Dissertation Defense - Sarah Pizzano

Award Date

Monday, June 6, 2022

June 6, 2022

Title

Molecular mechanisms of subcellular development: Down syndrome-related genetic interactions and axon-dendrite coordination in neurodevelopment

Abstract

Mechanisms of dendrite and axon patterning are important in both neurotypical development and neurodevelopmental disorders. In this talk, I will address two open questions concerning mechanisms of subcellular development: (1) How do multiple upregulated genes in Down syndrome (DS) models interact to cause aberrant axon morphology? (2) In response to changes in circuitry, how does the Wnd/DLK pathway coordinate dendritic signaling with changes at the axon terminal? Both projects employed Drosophila genetics, confocal microscopy, and biochemical techniques to interrogate these uncertain molecular mechanisms. Moreover, to test for changes in axon and dendrite morphology, these works utilized Class IV dendritic arborization (C4da) neurons.

In the first half of this talk, I will describe how multiple DS-related genes interact to establish axon morphology. We found that Amyloid precursor protein-like (Appl) upregulates Down syndrome cell adhesion molecule (Dscam) to promote axon terminal growth in C4da neurons. Furthermore, we found that the post-transcriptional regulation of Dscam by Appl may occur through altered Rab5 signaling. This shows a novel, developmental mechanism of two DS-related genes interacting to establish aberrant axon morphology.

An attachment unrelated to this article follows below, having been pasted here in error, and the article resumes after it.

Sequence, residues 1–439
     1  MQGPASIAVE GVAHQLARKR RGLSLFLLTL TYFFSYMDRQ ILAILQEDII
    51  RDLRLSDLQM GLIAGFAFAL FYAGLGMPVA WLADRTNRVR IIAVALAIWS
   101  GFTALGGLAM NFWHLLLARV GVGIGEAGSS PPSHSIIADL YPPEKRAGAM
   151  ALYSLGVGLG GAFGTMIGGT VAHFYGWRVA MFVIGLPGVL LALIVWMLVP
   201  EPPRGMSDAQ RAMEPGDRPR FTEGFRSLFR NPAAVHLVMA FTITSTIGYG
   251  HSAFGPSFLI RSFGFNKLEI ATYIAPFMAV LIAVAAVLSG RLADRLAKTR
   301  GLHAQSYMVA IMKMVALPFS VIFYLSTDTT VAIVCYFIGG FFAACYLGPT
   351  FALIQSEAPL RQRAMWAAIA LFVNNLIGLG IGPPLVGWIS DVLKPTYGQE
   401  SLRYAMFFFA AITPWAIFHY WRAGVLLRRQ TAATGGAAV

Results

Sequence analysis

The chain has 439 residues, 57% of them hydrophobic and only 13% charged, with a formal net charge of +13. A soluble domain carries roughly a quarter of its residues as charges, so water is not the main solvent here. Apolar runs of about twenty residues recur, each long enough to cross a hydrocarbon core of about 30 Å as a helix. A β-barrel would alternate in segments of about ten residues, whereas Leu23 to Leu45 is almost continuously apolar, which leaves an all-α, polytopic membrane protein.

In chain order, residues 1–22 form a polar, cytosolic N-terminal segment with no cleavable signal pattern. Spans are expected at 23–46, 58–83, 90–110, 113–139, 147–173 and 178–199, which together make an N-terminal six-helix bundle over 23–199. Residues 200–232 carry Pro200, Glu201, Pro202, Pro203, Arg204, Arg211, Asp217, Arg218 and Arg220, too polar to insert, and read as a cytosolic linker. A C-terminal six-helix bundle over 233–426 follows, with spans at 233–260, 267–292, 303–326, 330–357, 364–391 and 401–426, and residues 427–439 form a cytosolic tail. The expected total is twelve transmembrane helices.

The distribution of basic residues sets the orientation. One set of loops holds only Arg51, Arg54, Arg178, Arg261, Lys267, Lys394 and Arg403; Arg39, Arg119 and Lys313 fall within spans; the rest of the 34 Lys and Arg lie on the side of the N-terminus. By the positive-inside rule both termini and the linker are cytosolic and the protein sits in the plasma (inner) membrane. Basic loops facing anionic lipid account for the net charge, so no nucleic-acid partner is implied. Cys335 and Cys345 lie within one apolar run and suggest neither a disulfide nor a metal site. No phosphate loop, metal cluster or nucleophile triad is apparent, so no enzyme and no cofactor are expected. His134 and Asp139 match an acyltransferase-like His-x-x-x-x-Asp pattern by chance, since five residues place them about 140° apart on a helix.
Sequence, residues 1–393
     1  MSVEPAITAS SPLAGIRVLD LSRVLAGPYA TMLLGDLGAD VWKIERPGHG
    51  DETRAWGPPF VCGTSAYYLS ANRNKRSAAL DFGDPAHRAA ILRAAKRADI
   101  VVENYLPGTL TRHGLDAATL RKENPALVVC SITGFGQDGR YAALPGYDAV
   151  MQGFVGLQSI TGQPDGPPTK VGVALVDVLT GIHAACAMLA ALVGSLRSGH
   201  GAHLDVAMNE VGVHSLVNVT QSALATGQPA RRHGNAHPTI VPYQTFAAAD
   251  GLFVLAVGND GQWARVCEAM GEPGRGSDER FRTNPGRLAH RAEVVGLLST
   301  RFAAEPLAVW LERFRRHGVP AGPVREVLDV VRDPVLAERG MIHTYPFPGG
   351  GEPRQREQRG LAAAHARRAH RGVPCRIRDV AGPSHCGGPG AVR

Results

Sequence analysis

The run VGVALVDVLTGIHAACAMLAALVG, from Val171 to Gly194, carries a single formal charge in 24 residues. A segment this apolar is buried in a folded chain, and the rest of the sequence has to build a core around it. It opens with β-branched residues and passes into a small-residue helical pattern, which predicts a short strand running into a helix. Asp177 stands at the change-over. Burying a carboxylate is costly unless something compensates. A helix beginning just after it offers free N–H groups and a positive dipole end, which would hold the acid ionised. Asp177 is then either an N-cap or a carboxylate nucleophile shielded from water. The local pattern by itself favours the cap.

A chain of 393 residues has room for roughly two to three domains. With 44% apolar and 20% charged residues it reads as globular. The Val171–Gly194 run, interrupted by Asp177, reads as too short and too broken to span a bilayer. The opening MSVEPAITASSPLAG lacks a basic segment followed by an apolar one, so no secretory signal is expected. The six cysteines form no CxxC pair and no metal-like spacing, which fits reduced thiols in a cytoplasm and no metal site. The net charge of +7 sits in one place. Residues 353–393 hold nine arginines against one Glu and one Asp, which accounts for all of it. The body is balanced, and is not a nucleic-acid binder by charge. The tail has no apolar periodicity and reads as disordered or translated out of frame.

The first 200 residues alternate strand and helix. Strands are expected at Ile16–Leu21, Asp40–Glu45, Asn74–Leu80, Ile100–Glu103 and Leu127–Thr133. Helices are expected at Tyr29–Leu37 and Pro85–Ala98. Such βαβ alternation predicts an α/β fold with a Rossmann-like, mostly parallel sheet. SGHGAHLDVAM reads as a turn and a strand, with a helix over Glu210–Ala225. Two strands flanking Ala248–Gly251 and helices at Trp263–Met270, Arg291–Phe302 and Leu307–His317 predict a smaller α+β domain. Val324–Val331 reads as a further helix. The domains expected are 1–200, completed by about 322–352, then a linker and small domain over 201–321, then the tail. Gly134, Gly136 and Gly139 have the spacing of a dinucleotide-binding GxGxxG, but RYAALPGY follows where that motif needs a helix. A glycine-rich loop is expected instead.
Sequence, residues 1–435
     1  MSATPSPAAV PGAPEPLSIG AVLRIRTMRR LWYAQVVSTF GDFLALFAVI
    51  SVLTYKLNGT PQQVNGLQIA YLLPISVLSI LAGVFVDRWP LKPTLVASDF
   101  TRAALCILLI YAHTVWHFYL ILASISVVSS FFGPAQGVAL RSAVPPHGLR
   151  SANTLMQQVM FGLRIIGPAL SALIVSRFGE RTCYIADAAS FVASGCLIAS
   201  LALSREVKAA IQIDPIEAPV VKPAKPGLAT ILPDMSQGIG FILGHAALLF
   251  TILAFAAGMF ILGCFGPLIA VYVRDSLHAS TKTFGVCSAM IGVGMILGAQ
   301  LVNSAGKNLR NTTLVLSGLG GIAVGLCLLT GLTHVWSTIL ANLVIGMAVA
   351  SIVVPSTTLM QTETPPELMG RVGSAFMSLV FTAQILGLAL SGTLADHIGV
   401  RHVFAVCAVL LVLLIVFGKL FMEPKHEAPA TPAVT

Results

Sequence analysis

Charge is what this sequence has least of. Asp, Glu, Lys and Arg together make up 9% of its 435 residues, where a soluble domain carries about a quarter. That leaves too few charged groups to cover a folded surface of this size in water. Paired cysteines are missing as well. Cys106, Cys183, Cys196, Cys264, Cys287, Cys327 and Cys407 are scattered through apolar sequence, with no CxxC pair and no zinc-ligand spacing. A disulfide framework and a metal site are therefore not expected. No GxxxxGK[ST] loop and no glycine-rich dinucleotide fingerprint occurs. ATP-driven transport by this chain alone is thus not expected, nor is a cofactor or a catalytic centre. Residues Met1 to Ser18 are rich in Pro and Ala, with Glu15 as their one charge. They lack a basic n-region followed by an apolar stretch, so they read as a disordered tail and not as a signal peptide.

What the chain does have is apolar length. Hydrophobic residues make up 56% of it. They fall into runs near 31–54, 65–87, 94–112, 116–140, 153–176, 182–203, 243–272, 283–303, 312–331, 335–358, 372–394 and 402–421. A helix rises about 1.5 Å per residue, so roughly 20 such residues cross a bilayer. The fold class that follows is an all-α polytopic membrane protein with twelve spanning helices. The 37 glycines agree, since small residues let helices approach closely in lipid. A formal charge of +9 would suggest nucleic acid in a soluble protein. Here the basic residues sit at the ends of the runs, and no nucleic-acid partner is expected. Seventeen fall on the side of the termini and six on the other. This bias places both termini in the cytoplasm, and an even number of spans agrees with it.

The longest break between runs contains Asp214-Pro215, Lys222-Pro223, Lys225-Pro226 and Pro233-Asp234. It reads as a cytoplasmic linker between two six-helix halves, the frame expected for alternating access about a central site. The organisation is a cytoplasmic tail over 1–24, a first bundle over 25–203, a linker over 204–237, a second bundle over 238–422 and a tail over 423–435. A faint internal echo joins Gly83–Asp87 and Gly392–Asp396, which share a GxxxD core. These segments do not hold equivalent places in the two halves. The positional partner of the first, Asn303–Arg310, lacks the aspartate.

The second half of this talk interrogates the coordination of axon-localized events to dendritic signaling. We found that ablation of second order neurons (SONs) within the C4da nociceptive pathway resulted in decreased expression of nuclear Knot, a dendritic growth regulator. This phenocopies activation of the Wnd/DLK pathway. Moreover, Wnd/DLK required retrograde transport to repress nuclear Knot expression. This lays the foundation for determining how the Wnd/DLK pathway may coordinate axonal events with dendritic growth to maintain functional circuitry in response to changes at the axon terminal.

           Overall, this work offers insight into basic and DS-relevant mechanisms of axon-dendrite patterning in development. Future works may further these findings in mammals and consider the implications of DS-gene interaction as well as axonal impact on dendritic structures for therapeutic interventions in neurodevelopmental disorders.